Dec 01, 2018
In the world of electronics, heat can severely shorten the lifetime of a device. It is therefore necessary to move heat away from vital components such as chips, LEDs, and inverters to maintain optimal performance without shortening the lifetime. There are many different thermal management techniques that can be utilized by engineers depending on the devices heat density, space constraints, and cost. Some of the general ways to move heat from a system: air/liquid- natural convection, air/liquid- forced convection, solid state, and 2-phase cooling.
Solid state coolers are semiconductor devices that move heat from one side of the semiconductor to the other through the Peltier effect. They are lower in efficiency compared to other cooling methods and they are limited in their lifetime due to material breakdown over time. However, they are used when a device requires no moving parts or liquids, has a relatively low heat density (<150W/cm2), or is in need of a compact cooler.
First, we must differentiate between natural and forced convection. Natural convection arises when the air/liquid around a hot body move due to naturally induced density differences from temperature variations in the air/liquid. Forced convection relies on an outside force to move the air/liquid over the hot body. The below diagram illustrates this difference:
The heat transfer coefficient, h, is the proportion coefficient “between the heat flux and the thermodynamic driving force for the flow of heat” (or the temperature difference), and is typically in W/m2K (however, it can also be defined over an area of cm2). It is used to calculate the heat transfer of the system and is useful in comparing the effectiveness of various cooling methods. Free convection gasses typically have an average h value of 10 W/m2K (0.001W/cm2K) while water has a value of around 1000 W/m2K (0.1 W/cm2K). Water has a much higher heat transfer coefficient, however, its use in natural convection cooling is not as common in electronics as air for obvious reasons. One method typically employed in lower power electronics such as LEDs and some PCs is use of a finned heat sink. A heat sink is typically a thermally conductive material such as aluminum or copper, the fins increase the surface area to which heat can dissipate into the surrounding air. While this method of cooling is not very effective compared to liquid cooling, it very inexpensive. When every penny counts, like in the case of municipal LED streetlights, this cooling method can be good enough.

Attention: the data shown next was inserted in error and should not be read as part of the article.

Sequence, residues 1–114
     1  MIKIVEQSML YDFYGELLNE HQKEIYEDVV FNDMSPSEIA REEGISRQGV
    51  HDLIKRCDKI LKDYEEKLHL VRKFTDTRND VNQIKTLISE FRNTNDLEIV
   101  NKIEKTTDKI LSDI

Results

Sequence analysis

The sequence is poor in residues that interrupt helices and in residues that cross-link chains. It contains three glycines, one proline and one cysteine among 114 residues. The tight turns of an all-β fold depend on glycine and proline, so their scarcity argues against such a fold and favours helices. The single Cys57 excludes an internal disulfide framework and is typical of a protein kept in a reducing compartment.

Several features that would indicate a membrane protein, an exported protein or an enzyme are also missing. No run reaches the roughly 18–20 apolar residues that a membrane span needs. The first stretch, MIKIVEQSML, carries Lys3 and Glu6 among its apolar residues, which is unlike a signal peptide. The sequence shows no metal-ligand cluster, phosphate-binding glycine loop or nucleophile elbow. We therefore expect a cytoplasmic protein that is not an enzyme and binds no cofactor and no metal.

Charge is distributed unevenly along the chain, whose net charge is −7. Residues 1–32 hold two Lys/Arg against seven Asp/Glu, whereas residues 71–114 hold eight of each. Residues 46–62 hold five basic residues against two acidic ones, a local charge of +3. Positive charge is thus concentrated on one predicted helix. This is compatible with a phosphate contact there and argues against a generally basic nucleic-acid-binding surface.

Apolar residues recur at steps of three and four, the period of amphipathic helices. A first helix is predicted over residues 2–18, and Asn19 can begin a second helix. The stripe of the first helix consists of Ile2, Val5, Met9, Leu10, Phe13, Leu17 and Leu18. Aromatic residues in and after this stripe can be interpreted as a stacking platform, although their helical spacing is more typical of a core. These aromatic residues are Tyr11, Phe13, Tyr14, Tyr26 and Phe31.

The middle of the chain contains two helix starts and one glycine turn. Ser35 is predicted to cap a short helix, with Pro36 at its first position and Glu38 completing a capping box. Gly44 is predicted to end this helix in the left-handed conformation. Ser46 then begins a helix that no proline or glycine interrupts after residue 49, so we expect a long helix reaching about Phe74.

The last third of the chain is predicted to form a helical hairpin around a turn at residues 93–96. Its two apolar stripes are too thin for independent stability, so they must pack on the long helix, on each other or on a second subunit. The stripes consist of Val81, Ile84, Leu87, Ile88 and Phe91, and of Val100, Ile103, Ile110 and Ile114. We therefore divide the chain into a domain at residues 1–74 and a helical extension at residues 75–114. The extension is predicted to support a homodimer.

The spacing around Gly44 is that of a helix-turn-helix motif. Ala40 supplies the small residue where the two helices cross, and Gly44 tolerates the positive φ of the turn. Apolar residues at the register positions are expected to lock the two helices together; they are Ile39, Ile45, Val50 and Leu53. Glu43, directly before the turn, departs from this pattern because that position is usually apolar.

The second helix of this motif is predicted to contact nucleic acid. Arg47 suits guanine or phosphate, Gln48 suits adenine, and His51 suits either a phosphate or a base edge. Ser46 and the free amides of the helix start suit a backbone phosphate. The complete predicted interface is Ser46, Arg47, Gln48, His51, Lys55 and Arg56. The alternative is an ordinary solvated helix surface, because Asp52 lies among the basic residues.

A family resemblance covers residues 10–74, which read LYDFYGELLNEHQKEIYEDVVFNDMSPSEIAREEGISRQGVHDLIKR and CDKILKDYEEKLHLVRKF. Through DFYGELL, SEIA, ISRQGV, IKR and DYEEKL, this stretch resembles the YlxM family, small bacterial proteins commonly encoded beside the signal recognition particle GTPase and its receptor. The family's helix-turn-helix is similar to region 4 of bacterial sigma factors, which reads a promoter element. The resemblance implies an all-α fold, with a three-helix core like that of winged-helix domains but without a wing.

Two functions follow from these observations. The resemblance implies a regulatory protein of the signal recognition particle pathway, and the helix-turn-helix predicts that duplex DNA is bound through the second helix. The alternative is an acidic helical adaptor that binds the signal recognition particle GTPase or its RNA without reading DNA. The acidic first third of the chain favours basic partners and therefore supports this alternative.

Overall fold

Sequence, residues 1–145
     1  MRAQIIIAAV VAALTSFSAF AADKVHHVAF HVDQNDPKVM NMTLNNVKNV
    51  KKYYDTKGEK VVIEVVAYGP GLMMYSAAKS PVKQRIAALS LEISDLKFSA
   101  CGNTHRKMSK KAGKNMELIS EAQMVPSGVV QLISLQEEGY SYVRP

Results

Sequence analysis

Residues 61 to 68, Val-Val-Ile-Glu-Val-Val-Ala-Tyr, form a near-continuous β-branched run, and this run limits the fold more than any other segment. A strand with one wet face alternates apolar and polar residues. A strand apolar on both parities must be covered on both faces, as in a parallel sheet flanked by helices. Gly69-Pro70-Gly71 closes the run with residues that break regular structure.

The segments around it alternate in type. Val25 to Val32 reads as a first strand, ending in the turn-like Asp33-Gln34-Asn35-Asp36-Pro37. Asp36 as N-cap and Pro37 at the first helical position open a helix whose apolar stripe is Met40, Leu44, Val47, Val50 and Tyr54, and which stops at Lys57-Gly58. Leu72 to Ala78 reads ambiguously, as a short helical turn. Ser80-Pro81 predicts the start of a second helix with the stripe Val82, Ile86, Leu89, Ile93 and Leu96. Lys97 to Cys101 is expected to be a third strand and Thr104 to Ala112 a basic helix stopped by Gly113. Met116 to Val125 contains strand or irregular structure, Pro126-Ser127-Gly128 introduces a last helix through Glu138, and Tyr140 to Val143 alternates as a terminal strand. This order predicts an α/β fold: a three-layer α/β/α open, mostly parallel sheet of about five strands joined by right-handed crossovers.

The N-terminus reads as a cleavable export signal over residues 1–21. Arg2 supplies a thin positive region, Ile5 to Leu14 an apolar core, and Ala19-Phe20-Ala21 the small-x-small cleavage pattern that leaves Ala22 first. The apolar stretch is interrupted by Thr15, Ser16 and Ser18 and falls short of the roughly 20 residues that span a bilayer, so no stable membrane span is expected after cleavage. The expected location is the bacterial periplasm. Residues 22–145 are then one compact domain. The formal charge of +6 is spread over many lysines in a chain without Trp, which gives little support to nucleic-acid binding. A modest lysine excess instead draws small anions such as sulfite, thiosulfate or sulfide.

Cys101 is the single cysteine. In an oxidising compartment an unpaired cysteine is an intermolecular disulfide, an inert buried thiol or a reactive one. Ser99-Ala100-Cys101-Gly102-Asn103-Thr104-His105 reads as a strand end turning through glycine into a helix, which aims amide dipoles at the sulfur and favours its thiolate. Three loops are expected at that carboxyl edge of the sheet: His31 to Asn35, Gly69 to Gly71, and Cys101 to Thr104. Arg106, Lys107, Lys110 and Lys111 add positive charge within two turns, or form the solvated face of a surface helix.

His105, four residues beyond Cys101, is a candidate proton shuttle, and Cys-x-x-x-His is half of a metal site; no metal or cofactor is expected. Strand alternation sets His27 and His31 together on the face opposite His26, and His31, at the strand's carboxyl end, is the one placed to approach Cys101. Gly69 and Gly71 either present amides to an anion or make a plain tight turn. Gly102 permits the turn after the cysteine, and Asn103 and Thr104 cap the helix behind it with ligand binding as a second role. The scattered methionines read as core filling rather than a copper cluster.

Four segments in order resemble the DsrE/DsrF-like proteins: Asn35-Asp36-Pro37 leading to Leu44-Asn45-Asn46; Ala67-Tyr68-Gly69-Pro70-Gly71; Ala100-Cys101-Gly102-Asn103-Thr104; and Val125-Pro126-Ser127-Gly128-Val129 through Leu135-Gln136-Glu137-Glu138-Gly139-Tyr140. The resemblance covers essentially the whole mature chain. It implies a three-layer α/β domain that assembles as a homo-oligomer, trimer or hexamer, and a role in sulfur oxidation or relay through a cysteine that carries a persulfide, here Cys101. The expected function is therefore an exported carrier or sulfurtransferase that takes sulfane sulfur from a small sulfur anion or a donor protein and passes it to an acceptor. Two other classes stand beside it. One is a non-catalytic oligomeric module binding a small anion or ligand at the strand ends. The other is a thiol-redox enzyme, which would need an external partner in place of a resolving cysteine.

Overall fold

Forcing the air or liquid over the surface can have up to a 10x better heat transfer coefficient compared to natural convection. These methods are commonly employed in computers and higher heat density electronics applications. Forced air convection typically employs the same finned heat sink approach as natural convection air cooling, but it also utilizes fans to move air over the fins. This method of cooling is inexpensive, but the fan can increase power consumption of the electronic device (which is detrimental to battery driven electronics).